Pisco (from Quechua: pisqu, little bird) is a strong, colorless grape brandy produced in Chile and Peru. It was developed by Spanish settlers in the 16th century as a cheaper alternative to orujo, a pomace brandy that was being imported from Spain.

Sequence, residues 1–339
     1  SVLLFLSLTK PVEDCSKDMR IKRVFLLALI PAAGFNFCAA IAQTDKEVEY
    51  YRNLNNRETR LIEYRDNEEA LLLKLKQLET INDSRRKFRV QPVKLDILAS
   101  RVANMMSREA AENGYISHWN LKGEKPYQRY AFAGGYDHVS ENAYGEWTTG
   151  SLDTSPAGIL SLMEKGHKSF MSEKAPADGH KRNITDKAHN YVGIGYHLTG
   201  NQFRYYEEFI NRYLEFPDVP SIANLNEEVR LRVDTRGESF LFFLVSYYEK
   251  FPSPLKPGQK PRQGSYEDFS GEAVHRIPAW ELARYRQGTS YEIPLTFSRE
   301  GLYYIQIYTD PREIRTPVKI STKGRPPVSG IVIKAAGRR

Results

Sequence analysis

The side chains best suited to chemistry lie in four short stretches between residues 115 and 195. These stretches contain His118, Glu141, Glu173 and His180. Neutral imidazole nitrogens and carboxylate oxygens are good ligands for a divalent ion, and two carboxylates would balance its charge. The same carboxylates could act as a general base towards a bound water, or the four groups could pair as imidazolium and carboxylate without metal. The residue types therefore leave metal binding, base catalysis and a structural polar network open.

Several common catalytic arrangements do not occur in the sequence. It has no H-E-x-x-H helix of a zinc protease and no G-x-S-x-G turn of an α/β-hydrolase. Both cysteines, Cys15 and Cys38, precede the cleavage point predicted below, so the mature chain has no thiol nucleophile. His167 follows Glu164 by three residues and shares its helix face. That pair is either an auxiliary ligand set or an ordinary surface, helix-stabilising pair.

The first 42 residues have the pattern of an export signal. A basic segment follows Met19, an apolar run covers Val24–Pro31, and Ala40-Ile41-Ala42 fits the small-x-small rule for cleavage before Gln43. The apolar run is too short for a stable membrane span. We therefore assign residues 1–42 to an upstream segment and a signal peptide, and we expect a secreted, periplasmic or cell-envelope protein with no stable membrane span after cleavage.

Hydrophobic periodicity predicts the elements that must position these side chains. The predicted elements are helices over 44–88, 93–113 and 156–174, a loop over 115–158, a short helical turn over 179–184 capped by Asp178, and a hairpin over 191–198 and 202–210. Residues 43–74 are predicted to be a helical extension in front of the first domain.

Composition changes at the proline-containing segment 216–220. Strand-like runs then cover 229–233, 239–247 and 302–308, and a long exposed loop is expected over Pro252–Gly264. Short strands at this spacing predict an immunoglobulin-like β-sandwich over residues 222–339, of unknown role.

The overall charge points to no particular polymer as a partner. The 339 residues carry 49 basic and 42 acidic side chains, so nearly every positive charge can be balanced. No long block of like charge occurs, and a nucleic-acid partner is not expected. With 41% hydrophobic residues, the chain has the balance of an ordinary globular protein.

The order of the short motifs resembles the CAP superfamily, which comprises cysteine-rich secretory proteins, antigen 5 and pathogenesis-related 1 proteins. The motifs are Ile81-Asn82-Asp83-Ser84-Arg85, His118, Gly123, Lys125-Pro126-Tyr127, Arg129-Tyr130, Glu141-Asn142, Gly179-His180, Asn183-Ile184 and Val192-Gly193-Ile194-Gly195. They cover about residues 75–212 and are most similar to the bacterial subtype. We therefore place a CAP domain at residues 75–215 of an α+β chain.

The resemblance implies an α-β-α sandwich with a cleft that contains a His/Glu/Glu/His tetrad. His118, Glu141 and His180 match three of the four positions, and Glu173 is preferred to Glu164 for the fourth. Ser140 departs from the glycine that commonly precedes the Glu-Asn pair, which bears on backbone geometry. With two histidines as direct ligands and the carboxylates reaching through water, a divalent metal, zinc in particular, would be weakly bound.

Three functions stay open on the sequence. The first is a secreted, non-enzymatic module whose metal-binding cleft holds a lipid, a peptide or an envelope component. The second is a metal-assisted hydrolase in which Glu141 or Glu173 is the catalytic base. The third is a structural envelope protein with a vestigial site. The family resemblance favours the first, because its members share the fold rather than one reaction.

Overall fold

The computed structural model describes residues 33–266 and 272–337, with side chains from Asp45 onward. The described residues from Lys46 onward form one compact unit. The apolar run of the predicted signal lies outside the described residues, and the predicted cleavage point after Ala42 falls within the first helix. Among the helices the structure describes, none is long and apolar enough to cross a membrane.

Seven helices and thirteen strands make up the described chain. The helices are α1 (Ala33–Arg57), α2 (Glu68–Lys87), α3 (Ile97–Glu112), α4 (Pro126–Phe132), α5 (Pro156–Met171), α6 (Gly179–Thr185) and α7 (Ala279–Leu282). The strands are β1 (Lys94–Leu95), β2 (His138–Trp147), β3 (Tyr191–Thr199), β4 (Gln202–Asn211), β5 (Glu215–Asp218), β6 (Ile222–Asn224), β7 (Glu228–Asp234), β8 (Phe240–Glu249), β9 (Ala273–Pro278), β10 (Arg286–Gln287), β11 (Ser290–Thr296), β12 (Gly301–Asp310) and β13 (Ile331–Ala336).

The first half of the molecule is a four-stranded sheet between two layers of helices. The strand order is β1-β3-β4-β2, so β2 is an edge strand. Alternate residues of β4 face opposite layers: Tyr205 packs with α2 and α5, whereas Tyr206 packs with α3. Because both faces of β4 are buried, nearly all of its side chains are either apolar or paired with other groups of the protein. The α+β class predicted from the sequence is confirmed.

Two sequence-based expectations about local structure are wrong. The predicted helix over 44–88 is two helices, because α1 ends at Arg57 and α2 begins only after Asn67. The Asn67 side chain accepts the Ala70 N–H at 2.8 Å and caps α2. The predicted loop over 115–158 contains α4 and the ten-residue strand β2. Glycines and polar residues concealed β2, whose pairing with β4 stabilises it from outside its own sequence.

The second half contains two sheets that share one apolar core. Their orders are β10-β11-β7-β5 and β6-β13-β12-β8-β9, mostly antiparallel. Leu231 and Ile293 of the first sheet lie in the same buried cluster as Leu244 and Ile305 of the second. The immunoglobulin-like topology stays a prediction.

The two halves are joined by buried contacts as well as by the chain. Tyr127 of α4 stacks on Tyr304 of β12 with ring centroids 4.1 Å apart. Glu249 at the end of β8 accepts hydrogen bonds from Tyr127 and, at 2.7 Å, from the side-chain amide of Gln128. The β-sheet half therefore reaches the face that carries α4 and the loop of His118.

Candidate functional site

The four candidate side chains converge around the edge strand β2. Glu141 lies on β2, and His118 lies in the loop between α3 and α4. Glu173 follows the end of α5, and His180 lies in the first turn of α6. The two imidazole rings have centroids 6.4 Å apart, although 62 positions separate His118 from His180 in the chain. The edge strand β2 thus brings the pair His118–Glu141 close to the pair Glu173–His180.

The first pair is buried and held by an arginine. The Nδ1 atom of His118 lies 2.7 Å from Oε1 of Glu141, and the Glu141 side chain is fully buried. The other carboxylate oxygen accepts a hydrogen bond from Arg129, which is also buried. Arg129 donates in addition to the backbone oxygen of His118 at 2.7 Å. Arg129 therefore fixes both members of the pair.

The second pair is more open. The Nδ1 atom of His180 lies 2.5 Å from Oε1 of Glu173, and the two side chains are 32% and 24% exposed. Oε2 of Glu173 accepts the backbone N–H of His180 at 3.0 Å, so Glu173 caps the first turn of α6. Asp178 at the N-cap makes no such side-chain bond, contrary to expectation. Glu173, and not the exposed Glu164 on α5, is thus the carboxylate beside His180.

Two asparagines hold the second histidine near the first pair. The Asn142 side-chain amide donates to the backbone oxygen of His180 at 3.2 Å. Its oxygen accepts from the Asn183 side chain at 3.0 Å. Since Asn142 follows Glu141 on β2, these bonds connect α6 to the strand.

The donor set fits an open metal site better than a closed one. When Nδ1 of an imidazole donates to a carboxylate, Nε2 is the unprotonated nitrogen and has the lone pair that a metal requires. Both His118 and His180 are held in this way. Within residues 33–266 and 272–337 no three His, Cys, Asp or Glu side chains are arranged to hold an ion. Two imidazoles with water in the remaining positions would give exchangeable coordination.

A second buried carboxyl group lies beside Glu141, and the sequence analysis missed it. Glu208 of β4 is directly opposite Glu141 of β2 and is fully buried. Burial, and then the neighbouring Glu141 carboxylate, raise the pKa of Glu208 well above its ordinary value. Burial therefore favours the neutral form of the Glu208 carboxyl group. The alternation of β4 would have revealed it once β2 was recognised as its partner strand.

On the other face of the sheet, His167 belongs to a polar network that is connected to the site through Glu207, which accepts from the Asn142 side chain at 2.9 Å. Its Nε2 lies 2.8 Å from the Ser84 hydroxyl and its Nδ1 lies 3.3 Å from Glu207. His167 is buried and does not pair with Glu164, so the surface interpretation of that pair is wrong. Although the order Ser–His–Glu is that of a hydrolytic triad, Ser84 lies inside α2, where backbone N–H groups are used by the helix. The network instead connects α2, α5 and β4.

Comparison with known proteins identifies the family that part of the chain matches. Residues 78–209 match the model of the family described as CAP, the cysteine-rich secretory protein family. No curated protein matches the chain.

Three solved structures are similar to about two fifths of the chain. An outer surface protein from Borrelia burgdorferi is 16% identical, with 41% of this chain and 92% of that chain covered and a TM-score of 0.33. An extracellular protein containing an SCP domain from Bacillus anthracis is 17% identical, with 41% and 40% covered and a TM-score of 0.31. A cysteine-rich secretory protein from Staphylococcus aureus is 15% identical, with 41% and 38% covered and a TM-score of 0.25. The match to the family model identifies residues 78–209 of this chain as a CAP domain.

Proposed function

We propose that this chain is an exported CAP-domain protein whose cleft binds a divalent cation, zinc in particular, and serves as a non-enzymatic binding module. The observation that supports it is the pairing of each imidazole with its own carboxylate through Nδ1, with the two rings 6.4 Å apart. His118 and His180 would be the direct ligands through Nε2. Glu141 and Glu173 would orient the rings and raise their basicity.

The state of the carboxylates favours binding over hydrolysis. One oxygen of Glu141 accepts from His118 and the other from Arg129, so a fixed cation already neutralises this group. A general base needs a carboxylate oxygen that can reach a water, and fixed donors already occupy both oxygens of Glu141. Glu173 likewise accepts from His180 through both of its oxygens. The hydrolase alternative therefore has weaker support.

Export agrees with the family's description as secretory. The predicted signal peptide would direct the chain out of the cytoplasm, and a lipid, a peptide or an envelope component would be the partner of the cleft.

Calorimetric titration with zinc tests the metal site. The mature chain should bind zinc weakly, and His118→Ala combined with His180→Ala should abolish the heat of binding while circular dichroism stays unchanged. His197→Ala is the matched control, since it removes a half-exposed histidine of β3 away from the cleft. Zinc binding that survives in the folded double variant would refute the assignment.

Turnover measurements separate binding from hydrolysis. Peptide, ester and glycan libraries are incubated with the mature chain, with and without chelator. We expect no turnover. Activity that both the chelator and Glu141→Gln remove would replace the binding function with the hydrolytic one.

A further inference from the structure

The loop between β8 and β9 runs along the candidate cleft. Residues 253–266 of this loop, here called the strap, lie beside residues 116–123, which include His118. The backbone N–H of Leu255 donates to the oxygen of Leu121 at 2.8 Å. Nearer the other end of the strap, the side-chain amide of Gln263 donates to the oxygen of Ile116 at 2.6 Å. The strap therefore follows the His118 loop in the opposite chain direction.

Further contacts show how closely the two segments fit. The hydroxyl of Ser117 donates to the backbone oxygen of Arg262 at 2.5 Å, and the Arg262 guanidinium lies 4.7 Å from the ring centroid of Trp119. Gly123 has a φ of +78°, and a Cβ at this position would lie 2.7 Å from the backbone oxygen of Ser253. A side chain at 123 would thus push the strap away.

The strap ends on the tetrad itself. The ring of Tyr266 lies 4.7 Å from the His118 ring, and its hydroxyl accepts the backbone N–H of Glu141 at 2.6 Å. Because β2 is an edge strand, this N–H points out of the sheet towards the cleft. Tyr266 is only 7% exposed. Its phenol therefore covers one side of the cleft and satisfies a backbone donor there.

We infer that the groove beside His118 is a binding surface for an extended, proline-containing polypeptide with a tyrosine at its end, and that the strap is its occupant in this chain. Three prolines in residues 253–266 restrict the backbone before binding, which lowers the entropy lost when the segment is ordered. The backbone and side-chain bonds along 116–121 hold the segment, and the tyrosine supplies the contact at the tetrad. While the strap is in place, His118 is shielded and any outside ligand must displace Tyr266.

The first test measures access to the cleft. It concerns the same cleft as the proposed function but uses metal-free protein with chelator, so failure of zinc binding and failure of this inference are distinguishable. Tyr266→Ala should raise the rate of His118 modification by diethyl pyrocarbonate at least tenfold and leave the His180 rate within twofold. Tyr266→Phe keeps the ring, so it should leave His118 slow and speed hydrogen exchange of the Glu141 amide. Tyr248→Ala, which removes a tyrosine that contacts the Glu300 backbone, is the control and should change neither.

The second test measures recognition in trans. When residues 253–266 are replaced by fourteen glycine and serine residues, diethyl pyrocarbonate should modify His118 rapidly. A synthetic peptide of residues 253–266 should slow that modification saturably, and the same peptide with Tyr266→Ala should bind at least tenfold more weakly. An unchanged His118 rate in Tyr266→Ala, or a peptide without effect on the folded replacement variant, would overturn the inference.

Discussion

Pisco takes its name from the conical pottery in which it was originally aged, which was also the name of one of the sites where it was produced: Pisco, Peru. The first vineyards were planted in the coastal valleys in the Viceroyalty of Peru, when vine plants arrived from the Canary Islands. Even though Spain imposed many restrictions on wine production and commerce, the wine-making industry developed rapidly, such as in the corregimientos of Ica. In modern times, it continues to be produced in winemaking regions of Peru and Chile. The right to produce and promote pisco has been the matter of legal disputes between Chile and Peru.